Members of the class of 2021 are likely to never forget their first day of class at Wingate University. The Great American Eclipse brought out scores of students and faculty and staff members to see the moon block out 98 percent of the sun’s rays above Wingate on Monday afternoon.

Students looking up at the eclipseReginald Brown, a freshman from Cheraw, South Carolina, got out of a communications class at 2 p.m., just in time to join throngs of students for a viewing party in the Academic Quad.

“This is really cool,” said Brown, who plans to major in psychology. “I’m really interested in science. It’s one thing to learn it from a textbook. It’s another thing to see it.”

The eclipse traversed the continental United States, with the path of “totality” – or 100 percent blockage – moving from Oregon to South Carolina. That meant that Wingate University’s three campuses were in good position to see a rare spectacle, if not total blockage. The Hendersonville campus experienced a whopping 99.8 percent blockage. Ballantyne experienced 98.4 percent, slightly more than Wingate.

By 2 p.m., the moon had crossed well into the path of the sun, projecting a “crescent sun” for Wingate students and employees, who were each supplied with one complimentary pair of eclipse glasses. Solar telescopes were set up in the Quad so students could get a safe, close-up view of the eclipse, which at its peak caused streetlamps to come on and prompted cicadas to begin a buzzing chorus.

Macie Estes, a sophomore elementary education major from Indian Trail, watched on a blanket in the Quad alongside her best friend, Hannah Ziegler, a junior human services major also from Indian Trail. “I look forward to one day getting to tell my future students that I got to experience it,” Estes said.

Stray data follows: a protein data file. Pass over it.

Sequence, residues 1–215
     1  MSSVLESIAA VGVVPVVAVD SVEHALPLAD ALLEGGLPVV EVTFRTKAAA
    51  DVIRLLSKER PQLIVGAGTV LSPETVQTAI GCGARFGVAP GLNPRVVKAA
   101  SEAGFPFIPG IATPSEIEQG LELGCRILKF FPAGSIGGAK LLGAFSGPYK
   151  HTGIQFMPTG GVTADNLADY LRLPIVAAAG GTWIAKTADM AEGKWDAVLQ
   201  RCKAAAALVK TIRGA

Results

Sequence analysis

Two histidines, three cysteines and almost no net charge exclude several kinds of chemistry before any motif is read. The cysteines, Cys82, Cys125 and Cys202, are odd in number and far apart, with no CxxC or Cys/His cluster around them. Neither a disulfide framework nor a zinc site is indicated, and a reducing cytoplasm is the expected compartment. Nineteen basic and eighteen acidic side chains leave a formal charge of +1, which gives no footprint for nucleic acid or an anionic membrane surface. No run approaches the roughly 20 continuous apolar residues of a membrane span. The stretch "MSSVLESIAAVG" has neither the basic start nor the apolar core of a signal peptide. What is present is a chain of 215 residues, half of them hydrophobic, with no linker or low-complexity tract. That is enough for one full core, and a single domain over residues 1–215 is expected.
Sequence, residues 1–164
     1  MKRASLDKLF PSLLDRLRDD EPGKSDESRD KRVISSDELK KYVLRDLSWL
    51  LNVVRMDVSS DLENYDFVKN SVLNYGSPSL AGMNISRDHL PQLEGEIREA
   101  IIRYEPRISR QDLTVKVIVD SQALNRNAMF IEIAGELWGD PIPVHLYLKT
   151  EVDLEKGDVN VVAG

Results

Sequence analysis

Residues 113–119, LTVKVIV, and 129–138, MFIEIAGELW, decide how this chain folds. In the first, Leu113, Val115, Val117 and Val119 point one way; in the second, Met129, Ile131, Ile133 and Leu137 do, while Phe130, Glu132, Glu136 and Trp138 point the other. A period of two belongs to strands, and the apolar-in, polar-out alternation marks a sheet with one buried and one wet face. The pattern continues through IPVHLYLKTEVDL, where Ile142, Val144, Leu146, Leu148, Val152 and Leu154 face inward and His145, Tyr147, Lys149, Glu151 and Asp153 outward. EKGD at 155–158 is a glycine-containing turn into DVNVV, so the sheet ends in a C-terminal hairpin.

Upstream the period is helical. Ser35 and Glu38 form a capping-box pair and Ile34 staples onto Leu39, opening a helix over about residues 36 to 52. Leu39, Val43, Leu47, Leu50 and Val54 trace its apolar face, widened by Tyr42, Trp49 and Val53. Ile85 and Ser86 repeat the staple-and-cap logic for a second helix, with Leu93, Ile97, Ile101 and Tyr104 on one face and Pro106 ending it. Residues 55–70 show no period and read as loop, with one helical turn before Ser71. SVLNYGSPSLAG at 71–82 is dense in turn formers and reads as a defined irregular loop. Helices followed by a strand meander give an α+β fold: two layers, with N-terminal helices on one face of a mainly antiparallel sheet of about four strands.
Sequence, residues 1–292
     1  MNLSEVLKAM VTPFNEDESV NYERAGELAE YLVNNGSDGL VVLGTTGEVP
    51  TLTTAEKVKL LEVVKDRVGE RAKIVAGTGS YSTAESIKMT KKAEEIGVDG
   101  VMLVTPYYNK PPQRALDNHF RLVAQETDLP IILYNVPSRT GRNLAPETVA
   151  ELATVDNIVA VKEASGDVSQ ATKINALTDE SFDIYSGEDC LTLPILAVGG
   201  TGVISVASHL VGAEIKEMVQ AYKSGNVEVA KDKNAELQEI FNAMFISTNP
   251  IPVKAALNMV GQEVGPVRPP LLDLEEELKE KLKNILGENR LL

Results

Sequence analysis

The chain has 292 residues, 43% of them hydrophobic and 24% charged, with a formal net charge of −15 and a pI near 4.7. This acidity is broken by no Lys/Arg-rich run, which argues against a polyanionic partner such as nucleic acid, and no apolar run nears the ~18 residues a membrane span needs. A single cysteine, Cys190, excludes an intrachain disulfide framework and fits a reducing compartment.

“I’m blown away,” Ziegler said. “We’ll road trip to see the next one.” The next total solar eclipse on U.S. soil will occur in 2024, when the path of totality will cross from Texas to New York.

Couple at eclipse-viewing party at BallantyneThis year’s eclipse was special for several reasons: For one thing, it was visible only from the United States – hence the name “the Great American Eclipse.” It is the first total solar eclipse in the continental United States since 1979 and the first to traverse the continent since 1918. It is also the first total eclipse to touch only American soil since the U.S. gained its independence in 1776, a feat that won’t happen again until the year 2316.

The University’s Ballantyne campus put on a massive viewing party for the local community, with 4,000 to 5,000 people showing up for face painting, popcorn, a photo booth and, for the first 1,000 people, a free pair of eclipse glasses.

“Months of planning went into making this event successful,” said Valerie Secker, client-relations specialist and office manager at WU Ballantyne. “It exceeded our expectations, and the excitement spread like wildfire.”

Learn more about predicting astrophysical phenomena by taking chemistry and physics classes at Wingate University.

August 21, 2017